Valuation of the stock market against the economic situation
what factors affect stock market prices?
The volatility on the stock markets produces some alarm among investors who are speculating about the causes of the falls. Many clients have called us and expressed typical concerns regarding these events. Hence, in the Markets Department at BBVA in Switzerland we feel it would be interesting to explain what factors affect stock market prices.
Due to the economic situation that we are confronting these days, it seems relevant to discuss issues of utmost importance to investors and that, for some reason, continue to cause confusion and puzzlement, even among professional investors and analysts.
The topic we will discuss this month is about stock market performance and the valuation of companies against the economic situation.
Over the last few months, we have seen a very strong decline in world economic activity, with falls in GDP (Gross Domestic Product) not seen since the great depression of the 1930s.
Despite this very negative economic performance, the equity markets have rebounded strongly since the March lows, producing a significant disparity between stock index performance and economic activity.
For some reason, the vast majority of investors think that stock market developments are an exact reflection of growth or economic activity. In fact, that is not necessarily the case:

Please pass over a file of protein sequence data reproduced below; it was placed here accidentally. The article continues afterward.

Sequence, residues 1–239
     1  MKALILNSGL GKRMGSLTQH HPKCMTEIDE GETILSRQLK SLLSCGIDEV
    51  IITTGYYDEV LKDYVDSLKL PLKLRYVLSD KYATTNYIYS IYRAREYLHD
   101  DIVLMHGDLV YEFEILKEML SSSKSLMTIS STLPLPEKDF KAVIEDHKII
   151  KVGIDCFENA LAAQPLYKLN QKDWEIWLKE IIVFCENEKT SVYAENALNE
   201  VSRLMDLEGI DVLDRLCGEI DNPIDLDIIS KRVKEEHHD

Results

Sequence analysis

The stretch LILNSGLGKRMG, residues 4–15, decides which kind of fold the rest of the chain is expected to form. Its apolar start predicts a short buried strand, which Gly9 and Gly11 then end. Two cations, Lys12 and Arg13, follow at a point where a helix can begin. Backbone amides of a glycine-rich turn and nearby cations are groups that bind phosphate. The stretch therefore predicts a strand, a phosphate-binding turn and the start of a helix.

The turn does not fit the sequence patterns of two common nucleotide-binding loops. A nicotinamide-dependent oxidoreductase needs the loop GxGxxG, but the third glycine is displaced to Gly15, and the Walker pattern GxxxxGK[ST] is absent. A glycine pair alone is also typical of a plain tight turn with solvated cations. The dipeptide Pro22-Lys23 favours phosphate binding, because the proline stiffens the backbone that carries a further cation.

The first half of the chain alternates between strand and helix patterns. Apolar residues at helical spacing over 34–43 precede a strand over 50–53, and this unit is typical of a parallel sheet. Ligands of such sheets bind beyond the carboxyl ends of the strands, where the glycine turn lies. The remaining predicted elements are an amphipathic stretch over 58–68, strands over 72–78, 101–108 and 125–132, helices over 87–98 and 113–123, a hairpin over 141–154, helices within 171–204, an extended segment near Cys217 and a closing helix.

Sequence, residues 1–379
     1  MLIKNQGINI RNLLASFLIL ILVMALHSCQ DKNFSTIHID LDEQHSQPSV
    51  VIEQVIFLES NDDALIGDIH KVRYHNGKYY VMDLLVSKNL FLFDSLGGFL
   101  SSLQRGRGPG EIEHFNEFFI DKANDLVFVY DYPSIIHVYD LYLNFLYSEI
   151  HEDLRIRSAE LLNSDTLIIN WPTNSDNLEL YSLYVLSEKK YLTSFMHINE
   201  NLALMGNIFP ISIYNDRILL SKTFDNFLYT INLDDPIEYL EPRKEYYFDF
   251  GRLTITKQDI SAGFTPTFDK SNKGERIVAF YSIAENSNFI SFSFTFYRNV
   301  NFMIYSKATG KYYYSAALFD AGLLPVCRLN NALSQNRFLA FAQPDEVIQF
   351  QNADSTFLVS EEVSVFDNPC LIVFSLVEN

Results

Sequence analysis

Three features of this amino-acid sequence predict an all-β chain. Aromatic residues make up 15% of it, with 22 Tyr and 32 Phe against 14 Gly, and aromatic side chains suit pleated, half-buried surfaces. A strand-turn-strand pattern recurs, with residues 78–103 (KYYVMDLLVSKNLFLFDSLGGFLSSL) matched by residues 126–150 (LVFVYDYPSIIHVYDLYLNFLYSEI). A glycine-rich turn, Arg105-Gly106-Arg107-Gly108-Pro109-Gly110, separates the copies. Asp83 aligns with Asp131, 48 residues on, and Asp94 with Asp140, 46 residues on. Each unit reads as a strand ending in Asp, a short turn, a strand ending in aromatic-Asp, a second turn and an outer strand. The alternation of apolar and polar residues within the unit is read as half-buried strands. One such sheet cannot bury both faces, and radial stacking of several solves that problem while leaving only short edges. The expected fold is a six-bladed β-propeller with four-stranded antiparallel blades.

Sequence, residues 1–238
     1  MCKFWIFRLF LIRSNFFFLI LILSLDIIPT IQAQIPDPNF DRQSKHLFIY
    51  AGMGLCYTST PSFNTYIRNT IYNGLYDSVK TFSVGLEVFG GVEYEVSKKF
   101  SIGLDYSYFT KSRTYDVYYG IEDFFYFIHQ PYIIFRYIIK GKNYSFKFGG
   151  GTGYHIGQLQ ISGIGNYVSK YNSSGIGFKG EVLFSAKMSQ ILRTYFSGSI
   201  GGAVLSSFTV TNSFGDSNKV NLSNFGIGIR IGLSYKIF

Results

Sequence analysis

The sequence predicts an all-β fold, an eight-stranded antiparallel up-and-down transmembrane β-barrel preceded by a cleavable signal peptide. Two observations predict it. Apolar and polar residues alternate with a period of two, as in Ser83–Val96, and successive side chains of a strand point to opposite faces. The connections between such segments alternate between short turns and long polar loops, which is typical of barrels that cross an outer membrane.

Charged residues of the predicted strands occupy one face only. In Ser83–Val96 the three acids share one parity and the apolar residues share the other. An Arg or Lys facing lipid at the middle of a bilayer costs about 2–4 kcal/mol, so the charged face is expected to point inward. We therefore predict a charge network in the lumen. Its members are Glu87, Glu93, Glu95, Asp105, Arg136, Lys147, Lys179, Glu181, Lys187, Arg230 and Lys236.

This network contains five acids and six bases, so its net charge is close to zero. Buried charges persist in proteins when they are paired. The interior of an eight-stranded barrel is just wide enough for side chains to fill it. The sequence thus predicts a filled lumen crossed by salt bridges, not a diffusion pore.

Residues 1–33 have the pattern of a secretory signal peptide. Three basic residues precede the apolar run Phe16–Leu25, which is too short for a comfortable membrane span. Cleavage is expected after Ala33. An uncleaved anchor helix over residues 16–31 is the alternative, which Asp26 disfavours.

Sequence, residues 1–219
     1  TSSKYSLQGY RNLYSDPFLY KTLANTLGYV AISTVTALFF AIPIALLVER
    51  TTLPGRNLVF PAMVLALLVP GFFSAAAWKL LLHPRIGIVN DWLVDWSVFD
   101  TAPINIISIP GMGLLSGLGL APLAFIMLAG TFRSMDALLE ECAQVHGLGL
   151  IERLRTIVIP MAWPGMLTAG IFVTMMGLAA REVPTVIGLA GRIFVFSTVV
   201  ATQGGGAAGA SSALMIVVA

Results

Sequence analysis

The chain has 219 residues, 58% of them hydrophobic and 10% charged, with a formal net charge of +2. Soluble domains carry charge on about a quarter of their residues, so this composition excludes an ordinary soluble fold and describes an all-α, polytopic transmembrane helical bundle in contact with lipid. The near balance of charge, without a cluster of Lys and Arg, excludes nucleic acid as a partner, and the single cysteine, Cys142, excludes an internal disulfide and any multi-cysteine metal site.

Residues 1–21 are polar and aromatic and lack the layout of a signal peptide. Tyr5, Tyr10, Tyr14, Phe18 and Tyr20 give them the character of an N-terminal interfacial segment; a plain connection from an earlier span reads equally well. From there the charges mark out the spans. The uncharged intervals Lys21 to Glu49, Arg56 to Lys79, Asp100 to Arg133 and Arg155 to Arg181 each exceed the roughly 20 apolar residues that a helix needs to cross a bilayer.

- First, the stock market discounts the business and economic future for six months in advance. This factor is critical since rather than the current situation, what matters are the divergences between what happens in the next six months and what the financial markets discount at this time.
- Second, the valuation of companies depends on factors other than economic activity, such as business margins (currently at all-time highs) and interest rate levels, which make a certainly expected yield more or less attractive compared to what can be obtained by investing in a bank deposit or in a government bond.
The 70s, one of the moments of greatest growth
Proof of this is the 70s when the stock market went 10 years without rising but the economy experienced one of the fastest-growing moments in its history. Or, another closer example, the last decade, a period characterised by weak economic growth but with one of the most bullish stock markets in history.
Following from the above, and as we have explained in many forums and presentations, the current moment is very specific because investors are faced with expensive stock markets in historical terms and very weak expected structural growth.
This situation, already experienced in the past, should imply very low long-term structural yield along with high volatility in the financial markets.
In our opinion, the current situation is an invitation to buy products with an equity approach and the purchase of wealth-focused products, specially designed for environments such as this one. These products have the particularity of converting and transforming market volatility into positive yield for investors.
Do not hesitate to consult your investment advisor for any questions regarding this article.
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